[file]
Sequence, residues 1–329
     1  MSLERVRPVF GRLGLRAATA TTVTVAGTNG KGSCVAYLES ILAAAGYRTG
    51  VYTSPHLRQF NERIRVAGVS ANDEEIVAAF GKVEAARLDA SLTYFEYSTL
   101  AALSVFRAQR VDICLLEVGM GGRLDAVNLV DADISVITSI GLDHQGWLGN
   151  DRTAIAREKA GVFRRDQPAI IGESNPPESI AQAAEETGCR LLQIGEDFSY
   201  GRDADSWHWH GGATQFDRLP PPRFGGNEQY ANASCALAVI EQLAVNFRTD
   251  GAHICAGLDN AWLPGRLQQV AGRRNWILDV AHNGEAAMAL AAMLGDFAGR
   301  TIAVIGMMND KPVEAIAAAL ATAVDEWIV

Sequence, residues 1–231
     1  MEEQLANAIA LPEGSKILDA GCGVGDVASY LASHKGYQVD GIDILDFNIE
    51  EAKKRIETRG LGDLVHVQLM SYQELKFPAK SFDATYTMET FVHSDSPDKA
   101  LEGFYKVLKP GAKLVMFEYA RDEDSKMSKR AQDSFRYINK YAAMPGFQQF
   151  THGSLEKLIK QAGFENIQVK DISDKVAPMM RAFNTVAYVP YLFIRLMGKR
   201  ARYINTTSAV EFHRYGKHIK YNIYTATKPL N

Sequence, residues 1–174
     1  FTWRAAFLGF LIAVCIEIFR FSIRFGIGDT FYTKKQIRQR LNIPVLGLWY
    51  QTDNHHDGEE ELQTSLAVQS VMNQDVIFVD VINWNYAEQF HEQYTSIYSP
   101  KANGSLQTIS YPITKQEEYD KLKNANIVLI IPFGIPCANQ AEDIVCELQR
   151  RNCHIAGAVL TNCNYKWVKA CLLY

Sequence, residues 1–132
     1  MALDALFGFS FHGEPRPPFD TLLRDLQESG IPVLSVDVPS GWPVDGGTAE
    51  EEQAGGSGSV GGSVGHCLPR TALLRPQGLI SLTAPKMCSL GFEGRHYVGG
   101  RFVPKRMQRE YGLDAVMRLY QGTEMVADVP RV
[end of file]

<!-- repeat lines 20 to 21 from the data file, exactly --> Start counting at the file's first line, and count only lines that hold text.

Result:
Sequence, residues 1–132
     1  MALDALFGFS FHGEPRPPFD TLLRDLQESG IPVLSVDVPS GWPVDGGTAE